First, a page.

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Blair visits troops in Basra

By Atul Aneja

MANAMA Jan. 4. With the Anglo-American occupation of Iraq facing sustained resistance even after the capture of the former Iraqi President, Saddam Hussein, the British Prime Minister, Tony Blair, paid an unexpected visit to Iraq today to meet British troops.

Mr. Blair, a key ally of the U.S. President, George Bush, in the war in Iraq visited the southern city of Basra to meet British troops which number around 10,000.

Mr. Blair arrived in a special cargo aircraft from the Egyptian resort town of Sharm el-Sheikh where he was on vacation.

He was expected to address British troops later in the day and hold discussions with some members of the U.S.-appointed Governing Council of Iraq.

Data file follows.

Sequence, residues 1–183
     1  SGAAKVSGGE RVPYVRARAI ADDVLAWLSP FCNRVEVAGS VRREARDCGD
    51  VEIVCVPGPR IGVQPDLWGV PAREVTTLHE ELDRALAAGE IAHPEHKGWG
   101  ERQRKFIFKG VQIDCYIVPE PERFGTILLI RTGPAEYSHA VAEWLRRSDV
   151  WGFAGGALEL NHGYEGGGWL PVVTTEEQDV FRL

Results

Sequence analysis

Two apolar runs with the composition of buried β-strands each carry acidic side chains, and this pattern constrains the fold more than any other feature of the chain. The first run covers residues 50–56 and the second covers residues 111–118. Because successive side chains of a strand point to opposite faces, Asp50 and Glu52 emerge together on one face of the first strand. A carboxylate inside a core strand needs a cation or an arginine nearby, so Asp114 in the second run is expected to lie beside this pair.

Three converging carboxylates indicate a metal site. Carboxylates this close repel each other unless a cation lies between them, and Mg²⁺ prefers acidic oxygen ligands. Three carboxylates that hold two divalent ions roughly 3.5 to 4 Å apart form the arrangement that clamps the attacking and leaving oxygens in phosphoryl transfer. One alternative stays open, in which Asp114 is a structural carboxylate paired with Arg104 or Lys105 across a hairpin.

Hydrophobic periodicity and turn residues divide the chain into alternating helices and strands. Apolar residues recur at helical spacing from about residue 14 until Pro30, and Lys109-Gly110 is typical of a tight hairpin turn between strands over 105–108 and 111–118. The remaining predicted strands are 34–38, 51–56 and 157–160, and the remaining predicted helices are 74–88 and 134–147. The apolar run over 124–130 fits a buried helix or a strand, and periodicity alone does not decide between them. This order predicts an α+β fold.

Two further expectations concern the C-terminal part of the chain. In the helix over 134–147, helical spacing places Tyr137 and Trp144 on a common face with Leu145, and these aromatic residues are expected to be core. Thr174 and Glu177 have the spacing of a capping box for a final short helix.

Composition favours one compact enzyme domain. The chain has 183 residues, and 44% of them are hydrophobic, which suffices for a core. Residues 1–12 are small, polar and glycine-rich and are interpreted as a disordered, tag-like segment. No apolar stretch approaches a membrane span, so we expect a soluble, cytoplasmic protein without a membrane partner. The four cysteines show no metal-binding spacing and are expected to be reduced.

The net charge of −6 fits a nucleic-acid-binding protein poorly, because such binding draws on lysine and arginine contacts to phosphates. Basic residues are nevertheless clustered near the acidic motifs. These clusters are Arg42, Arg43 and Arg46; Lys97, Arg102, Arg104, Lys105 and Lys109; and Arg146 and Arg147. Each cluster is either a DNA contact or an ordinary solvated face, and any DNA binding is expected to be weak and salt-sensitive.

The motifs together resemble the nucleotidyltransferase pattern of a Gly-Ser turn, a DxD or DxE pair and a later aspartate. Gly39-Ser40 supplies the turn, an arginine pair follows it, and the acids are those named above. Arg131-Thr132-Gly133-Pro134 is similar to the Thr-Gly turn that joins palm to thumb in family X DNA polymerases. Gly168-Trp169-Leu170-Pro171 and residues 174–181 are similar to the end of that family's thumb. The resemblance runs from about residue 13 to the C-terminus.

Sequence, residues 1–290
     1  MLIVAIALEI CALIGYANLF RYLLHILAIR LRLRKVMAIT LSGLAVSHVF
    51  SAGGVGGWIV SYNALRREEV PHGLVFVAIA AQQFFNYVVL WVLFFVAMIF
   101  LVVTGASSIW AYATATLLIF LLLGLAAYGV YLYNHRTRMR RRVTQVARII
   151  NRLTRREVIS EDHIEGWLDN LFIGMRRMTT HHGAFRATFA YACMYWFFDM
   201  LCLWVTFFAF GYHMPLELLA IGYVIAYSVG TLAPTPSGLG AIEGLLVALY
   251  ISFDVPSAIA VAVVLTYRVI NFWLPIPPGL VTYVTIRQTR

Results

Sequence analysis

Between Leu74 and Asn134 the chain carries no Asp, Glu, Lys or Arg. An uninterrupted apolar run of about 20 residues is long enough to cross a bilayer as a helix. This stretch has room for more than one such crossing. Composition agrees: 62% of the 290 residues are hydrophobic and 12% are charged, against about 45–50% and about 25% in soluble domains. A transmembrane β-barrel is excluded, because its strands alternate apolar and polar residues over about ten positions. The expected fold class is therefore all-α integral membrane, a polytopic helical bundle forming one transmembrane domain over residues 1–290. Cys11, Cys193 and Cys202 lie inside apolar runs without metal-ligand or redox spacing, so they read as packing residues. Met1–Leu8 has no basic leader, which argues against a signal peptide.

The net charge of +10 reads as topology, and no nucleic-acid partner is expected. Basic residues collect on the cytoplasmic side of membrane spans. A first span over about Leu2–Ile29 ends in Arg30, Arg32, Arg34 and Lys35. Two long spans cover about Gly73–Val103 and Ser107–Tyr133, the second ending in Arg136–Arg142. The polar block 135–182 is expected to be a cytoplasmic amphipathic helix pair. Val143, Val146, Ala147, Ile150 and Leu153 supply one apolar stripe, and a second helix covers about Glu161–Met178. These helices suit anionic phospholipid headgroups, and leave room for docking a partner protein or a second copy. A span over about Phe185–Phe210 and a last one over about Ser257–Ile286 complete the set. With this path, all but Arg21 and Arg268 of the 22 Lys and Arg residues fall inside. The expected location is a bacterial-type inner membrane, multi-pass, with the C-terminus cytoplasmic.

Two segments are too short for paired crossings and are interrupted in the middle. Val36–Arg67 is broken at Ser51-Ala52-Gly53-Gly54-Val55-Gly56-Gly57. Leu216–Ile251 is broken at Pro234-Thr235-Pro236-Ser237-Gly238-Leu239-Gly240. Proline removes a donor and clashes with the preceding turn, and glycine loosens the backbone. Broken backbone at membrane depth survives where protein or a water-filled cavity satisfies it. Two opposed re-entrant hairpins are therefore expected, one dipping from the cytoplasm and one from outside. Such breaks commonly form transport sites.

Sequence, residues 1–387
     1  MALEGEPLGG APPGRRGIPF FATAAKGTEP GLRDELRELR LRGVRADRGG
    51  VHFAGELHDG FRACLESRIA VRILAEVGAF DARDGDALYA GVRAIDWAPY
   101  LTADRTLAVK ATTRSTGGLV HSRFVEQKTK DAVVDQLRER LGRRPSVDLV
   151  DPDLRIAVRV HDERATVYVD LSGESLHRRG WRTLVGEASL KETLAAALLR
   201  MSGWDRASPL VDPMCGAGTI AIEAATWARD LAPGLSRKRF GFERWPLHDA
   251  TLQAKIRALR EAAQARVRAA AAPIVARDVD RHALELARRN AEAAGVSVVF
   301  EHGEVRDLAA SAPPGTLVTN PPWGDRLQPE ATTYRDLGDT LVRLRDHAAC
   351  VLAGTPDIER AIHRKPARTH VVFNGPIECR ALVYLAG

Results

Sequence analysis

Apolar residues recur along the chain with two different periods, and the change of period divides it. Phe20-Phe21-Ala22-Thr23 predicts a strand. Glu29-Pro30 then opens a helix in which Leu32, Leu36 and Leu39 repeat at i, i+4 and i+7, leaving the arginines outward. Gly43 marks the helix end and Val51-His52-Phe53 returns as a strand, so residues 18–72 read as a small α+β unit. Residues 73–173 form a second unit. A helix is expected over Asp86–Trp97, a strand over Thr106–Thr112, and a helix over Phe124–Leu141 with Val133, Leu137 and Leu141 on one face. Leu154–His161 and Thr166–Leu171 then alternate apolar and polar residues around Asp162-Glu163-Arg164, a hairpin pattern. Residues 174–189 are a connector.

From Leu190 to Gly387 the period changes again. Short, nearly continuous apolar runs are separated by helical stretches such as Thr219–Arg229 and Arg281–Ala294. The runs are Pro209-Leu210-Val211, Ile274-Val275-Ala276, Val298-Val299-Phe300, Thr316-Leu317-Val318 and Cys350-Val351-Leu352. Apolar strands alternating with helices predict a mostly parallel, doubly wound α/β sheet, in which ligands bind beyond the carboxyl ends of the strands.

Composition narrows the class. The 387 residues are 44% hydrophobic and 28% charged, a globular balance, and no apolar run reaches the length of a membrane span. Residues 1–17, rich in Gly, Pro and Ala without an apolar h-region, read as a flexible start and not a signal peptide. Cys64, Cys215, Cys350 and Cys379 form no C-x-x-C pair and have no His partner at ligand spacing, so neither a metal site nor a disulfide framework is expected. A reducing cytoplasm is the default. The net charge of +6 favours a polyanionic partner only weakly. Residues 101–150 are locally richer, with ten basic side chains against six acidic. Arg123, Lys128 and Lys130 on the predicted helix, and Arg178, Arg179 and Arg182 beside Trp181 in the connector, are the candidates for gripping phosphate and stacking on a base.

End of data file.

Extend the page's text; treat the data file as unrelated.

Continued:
Mr. Blair's unannounced visit, similar to that of Mr. Bush in November, and the Spanish Premier, Jose Maria Aznar, in December comes at a time when the Iraqi resistance has shown no signs of slackening. Mr. Blair had last visited British troops in Basra in May.

Sustaining the momentum of their resistance, Iraqi guerilla fighters killed three American soldiers and wounded five others in two separate incidents on Friday.

Two U.S. soldiers died and three were injured in a bomb explosion, which was followed by small arms fire in Baghdad's Al Rashid district.

A mortar attack killed one American soldier and wounded two in Balad, north of Baghdad.

Meanwhile, on Saturday, hundreds of residents in Hadithah, northwest of Baghdad, protested against an overnight raid by U.S. forces.

Residents said that four people were killed in the raid.

The claim could not be confirmed and the U.S. military declined to comment.

Hadithah falls within the "Sunni Triangle," where large numbers of people support Mr. Hussein.

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